I's just business. In our culture, that excuses pretty much anything that isn't actively illegal. But...Amos 5:10-13, 15 should speak to our culture.
They hate him who reproves in the gate,
and they abhor him who speaks the truth.
Therefore because you trample on the poor
and you exact taxes of grain from him,
you have built houses of hewn stone,
but you shall not dwell in them;
you have planted pleasant vineyards,
but you shall not drink their wine.
For I know how many are your transgressions
and how great are your sins—
you who afflict the righteous, who take a bribe,
and turn aside the needy in the gate.
Hate evil, and love good,
and establish justice in the gate;
it may be that the LORD, the God of hosts,
will be gracious to the remnant of Joseph.

End of the day - I feel called, compelled, to find a way to minister to the lost and least, the overlooked and serve as a reminder that they are loved, that there is purpose and meaning for their lives, to help them find community. My dream...whatever my to be a part of a church community that embraces that, not as an occasional project, but as the meaning of our lives - the working out of our calling - the source of our joy.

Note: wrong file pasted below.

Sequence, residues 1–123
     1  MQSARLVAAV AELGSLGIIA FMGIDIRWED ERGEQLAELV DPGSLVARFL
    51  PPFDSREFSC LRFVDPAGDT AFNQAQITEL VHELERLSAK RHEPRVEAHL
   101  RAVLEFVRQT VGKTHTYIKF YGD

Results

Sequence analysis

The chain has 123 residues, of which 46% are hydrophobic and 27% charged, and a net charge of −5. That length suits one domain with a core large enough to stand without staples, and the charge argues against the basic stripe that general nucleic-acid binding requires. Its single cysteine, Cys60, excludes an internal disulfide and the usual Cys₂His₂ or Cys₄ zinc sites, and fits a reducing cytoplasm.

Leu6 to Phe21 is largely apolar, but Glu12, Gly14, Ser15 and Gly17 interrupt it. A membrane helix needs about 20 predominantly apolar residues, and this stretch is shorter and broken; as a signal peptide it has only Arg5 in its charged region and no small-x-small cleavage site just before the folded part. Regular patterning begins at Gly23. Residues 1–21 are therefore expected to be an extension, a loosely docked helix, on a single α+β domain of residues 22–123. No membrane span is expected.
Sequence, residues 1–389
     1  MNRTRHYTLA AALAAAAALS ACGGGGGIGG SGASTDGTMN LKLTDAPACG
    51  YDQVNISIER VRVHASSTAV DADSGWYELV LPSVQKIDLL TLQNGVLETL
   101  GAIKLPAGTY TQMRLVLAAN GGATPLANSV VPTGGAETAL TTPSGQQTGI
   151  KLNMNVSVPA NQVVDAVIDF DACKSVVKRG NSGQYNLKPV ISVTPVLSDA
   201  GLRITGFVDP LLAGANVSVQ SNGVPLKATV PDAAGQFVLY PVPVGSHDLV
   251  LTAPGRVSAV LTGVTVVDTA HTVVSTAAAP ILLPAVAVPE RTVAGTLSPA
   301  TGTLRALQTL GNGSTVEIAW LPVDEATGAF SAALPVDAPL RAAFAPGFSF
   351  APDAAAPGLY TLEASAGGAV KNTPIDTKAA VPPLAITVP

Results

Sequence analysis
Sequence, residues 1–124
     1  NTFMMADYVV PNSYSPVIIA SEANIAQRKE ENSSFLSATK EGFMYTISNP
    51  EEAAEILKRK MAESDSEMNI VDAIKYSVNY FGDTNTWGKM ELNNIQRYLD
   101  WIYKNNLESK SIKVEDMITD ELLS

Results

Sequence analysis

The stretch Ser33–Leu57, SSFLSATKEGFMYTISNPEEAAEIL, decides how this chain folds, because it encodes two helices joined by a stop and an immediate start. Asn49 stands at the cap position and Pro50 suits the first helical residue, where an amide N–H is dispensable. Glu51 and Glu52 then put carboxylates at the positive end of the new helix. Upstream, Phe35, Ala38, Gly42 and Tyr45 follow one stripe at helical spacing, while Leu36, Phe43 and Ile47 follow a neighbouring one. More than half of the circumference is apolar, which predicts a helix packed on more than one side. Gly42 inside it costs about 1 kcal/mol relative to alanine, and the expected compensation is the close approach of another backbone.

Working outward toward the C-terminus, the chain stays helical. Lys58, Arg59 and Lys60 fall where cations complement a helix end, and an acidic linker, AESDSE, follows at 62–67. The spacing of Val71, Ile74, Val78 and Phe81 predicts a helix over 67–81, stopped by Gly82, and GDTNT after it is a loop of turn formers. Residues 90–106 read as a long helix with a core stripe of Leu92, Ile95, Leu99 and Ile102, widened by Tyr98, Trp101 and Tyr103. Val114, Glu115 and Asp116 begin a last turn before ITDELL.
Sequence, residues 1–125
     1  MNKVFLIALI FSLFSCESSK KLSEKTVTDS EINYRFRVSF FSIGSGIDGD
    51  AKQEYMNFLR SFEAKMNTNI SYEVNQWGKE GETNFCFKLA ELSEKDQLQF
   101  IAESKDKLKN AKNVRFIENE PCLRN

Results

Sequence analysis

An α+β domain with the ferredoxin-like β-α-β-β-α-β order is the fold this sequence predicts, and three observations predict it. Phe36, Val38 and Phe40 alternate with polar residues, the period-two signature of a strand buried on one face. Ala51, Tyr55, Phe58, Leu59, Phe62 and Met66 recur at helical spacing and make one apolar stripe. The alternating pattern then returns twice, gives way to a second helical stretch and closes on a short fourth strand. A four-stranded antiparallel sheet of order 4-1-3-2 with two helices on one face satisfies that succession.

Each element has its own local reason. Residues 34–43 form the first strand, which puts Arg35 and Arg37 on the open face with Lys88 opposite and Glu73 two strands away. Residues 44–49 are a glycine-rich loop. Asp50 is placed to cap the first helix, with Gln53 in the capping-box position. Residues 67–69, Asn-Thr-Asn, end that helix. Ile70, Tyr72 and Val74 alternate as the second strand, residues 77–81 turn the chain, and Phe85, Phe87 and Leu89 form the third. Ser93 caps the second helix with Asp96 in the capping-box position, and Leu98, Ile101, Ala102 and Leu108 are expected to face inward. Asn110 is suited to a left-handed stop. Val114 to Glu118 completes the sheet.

1 comment:

Anonymous said...

I like this a lot. Remember when I did the community project with the DVD of the pictures the kids had taken? I think it's interesting that in the "age of accountability," all most people seem to be concerned about is whether or not a person is responsible for him / herself. Shimself. But if we're part of a larger community, which we all are, obviously, then don't we share some responsibility for the health and well-being of that community as well?

I get very frustrated when people think that the decisions they make only impact themselves (I get really annoyed with libertarians). I have a hard time understanding why people wouldn't want to think about posterity and preservation.

You wouldn't believe the numbers of students' parents who fail to realize that their children are observing everything they say and do, internalizing, learning, emulating...

Of course, we're biased, you know. But it seems like a no-brainer to me that everyone's responsible for some service to the larger community - even globally.